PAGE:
I learned a great deal about Norwegian naming while I was working on the information for John Hansen Torgersen. Thanks to some great information sites from the Digital Archives of Norway and Martin Roe Eidhammer’s excellent website, and a little extra tutoring from Martin, I was able to understand how the names worked before 1925 and the mandatory last name began in Norway.
Unlike Sweden, which has a name and a patronym, Norway has three names: a name, a patronym and a identity information (usually the farm name).
This farm name would change when the person moved. So, John was born as John Hansen (his father was Hans) Nykaas (where they lived when he was born). His name then changed to John Hansen Haugen when his family moved to that farm. It also means his oldest brother had a different last name at birth because he was born when they lived at Odegaard.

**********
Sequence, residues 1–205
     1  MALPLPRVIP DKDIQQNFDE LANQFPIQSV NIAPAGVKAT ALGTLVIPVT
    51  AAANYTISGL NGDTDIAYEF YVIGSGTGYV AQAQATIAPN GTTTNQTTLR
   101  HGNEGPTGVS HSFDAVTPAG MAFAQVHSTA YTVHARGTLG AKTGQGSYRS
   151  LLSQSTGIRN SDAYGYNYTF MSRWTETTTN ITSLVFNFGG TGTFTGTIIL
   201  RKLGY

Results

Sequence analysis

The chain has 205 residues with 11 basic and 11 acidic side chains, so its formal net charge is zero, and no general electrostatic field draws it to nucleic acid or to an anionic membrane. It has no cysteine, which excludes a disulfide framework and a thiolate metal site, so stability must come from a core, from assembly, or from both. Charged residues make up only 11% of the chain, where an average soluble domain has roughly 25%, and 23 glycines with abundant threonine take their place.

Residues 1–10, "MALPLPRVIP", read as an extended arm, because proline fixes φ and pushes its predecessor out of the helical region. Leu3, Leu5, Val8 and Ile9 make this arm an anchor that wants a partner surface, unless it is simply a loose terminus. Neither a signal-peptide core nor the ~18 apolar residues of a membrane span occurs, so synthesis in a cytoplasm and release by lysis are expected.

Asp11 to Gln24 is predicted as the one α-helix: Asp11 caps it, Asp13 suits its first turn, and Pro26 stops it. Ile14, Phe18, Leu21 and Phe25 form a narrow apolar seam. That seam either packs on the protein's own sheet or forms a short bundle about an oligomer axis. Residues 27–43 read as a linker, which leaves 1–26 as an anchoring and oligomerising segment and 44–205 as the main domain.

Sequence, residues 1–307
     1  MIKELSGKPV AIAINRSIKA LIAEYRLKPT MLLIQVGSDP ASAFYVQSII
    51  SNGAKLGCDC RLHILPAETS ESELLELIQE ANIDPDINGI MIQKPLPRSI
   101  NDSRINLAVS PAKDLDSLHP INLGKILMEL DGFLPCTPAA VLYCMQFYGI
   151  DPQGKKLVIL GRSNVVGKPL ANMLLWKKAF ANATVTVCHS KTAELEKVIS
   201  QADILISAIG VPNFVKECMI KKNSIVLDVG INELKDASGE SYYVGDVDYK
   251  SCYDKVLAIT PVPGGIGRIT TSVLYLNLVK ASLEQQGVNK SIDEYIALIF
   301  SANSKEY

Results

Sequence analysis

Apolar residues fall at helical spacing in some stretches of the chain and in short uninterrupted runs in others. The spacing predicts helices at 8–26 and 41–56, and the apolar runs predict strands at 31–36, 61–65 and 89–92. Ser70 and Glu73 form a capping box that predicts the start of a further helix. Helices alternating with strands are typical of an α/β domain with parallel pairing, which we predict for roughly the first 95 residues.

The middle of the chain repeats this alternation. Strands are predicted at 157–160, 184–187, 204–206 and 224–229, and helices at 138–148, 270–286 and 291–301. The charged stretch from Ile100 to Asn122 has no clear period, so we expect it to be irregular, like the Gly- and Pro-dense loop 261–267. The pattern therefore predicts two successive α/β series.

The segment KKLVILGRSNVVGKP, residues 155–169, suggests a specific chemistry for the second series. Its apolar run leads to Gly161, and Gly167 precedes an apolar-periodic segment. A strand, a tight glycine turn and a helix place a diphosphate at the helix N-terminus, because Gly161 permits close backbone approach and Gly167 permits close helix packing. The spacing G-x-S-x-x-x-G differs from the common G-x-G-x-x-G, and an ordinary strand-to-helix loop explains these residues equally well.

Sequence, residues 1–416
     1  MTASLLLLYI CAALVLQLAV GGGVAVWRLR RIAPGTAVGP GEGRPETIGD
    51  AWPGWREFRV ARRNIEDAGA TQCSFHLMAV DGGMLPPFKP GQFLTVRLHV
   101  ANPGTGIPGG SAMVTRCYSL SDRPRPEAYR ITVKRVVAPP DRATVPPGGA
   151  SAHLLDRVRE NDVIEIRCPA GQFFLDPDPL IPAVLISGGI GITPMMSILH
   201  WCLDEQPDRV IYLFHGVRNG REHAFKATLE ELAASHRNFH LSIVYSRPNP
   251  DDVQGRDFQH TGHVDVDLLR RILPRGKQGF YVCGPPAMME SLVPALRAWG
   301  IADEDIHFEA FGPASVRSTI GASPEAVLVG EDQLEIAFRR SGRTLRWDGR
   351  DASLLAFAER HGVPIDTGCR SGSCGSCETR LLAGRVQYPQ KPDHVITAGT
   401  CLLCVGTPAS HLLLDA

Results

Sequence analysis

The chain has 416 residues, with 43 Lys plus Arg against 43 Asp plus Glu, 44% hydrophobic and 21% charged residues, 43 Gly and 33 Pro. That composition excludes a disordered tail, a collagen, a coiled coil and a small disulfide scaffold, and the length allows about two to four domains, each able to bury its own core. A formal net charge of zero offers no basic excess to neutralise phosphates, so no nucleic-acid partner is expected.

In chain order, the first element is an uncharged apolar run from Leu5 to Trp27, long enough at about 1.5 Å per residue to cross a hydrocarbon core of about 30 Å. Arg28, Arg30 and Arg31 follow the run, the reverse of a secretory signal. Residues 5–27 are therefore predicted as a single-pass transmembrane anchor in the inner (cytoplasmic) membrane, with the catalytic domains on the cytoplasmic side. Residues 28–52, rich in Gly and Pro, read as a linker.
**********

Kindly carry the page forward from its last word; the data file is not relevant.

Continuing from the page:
I have chosen to use the farm names as spelled in the Norwegian Farm Name book for consistency in the last names.
Haugen is the last place they were living before moving to the Americas. When they arrived in the United States, the last name appeared to remain fluid. They sometimes used Torgersen (Hans’ father was Torger), sometimes Haugen, sometimes Hansen. It wasn’t until John gained US Naturalization in 1897 that he can be seen to consistently use Torgersen. His brother and father decided to use Haugen.